As part of the 20th Ji.hlava IDFF, the Centre for Documentary Film nominated two five-member juries composed of secondary school and university students to take part in the decision-making process regarding student awards. What was the jury’s task and what was their choice?
STUDENT JURIES AT THE 20TH JI.HLAVA IDFF
CZECH JOY’S SECONDARY SCHOOL STUDENT JURY
The Czech Joy jury was composed of students from Jihlava’s secondary schools: Nikola Šeneklová, Natálie Lízalová, Tereza Müllerová, Tomáš Bárta and Mikuláš Vinař. In five festival days, the jury members could see 13 competition films, spending nearly 16 hours in the darkness of the screening halls. After almost a three-hour council, the jury chose Miroslav Janek’s Normal Autistic Film as the award winner. On the right hand side, you can see jury member Natálie Šeneklová presenting the funnel-shaped award to film’s producer Ján Macola.
FIRST LIGHTS UNIVERSITY STUDENT JURY
The student jury of the First Lights competition for documentary film debuts, was composed of Czech university students, Klára Skřenková, Dita Machová, Alžběta Nováková, Klára Přibylová and Matúš Slamka. The jurors saw a record 16 films and spent over 21.5 hours in the screenings halls over the five festival days. Even despite the diversity of the studied fields (architecture, Czech language, wood processing, film theory and film production) and after a two-hour discussion, the jury chose the winning film. The award went to Things by Nino Gogua of Georgia.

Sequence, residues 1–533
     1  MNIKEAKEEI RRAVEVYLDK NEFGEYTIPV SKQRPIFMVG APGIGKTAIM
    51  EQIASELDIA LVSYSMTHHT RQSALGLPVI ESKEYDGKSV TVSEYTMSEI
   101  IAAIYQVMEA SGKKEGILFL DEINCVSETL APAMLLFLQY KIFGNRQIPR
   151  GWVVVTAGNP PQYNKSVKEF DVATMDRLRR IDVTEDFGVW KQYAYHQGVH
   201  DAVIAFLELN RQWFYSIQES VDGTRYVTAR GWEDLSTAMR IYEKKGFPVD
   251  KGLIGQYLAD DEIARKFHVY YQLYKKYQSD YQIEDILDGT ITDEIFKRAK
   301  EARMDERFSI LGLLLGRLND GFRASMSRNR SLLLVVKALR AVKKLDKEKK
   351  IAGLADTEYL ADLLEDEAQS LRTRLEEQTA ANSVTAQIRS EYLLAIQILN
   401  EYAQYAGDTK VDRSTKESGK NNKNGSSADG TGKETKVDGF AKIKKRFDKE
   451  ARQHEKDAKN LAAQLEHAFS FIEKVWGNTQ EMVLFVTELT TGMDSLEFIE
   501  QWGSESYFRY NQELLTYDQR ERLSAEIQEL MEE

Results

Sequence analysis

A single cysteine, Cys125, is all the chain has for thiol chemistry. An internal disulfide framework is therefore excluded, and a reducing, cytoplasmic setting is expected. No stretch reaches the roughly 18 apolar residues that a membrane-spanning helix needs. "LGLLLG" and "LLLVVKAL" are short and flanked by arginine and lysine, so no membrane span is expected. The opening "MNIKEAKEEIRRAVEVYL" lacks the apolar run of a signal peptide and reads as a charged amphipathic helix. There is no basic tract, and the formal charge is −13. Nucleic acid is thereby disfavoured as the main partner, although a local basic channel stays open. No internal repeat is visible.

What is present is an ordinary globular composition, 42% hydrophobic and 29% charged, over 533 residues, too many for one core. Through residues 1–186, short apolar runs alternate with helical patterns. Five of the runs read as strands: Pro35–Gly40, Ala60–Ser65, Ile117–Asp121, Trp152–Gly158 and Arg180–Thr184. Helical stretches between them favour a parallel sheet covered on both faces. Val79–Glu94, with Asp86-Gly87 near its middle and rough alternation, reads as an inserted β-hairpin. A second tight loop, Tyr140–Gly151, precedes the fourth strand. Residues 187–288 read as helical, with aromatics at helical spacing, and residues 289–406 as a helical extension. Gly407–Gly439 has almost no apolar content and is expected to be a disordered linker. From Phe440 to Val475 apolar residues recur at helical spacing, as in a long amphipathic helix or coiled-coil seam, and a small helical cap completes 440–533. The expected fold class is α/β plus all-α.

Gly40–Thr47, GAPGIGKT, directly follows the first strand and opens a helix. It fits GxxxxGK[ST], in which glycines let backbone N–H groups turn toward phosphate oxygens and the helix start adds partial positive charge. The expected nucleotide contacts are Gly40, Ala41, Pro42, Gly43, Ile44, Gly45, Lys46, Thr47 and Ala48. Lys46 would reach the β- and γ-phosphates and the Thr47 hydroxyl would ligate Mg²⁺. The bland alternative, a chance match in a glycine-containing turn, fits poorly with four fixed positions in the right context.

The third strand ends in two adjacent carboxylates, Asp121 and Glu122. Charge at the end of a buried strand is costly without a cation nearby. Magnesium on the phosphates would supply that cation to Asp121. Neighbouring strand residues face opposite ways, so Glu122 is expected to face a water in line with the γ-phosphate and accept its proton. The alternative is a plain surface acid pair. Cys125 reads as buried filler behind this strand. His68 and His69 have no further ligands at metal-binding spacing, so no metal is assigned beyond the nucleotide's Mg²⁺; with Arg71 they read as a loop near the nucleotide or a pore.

Award-winning films including many other titles from this year and previous editions can be seen in the video library of the Center of Documentary Film.
Winners and jury statements from all competition sections are available HERE.
Jury statement: “For its ability to capture the contrast between tradition and modern life in today’s Georgia the student jury award in the First Lights section goes to Things by Nino Gogua. We acknowledge the film for its independent perspective and representation of the community’s diversity despite the hints of its seeming uniformity.”